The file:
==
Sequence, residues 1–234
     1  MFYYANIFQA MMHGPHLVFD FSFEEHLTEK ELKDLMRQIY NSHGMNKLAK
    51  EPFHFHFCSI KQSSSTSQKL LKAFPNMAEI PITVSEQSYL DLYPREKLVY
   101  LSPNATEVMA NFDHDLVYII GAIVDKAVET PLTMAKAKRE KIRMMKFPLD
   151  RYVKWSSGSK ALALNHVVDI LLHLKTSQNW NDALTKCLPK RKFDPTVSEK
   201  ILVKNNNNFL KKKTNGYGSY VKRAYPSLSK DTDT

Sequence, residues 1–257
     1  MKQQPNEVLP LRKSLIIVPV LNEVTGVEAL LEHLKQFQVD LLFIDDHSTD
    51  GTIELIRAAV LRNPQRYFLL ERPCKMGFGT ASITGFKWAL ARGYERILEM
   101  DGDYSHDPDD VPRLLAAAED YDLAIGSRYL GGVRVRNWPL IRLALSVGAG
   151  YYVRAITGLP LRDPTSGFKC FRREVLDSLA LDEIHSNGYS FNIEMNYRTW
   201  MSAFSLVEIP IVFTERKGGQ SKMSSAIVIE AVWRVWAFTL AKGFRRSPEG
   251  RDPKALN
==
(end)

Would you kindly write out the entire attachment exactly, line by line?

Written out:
Sequence, residues 1–234
     1  MFYYANIFQA MMHGPHLVFD FSFEEHLTEK ELKDLMRQIY NSHGMNKLAK
    51  EPFHFHFCSI KQSSSTSQKL LKAFPNMAEI PITVSEQSYL DLYPREKLVY
   101  LSPNATEVMA NFDHDLVYII GAIVDKAVET PLTMAKAKRE KIRMMKFPLD
   151  RYVKWSSGSK ALALNHVVDI LLHLKTSQNW NDALTKCLPK RKFDPTVSEK
   201  ILVKNNNNFL KKKTNGYGSY VKRAYPSLSK DTDT

Sequence, residues 1–257
     1  MKQQPNEVLP LRKSLIIVPV LNEVTGVEAL LEHLKQFQVD LLFIDDHSTD
    51  GTIELIRAAV LRNPQRYFLL ERPCKMGFGT ASITGFKWAL ARGYERILEM
   101  DGDYSHDPDD VPRLLAAAED YDLAIGSRYL GGVRVRNWPL IRLALSVGAG
   151  YYVRAITGLP LRDPTSGFKC FRREVLDSLA LDEIHSNGYS FNIEMNYRTW
   201  MSAFSLVEIP IVFTERKGGQ SKMSSAIVIE AVWRVWAFTL AKGFRRSPEG
   251  RDPKALN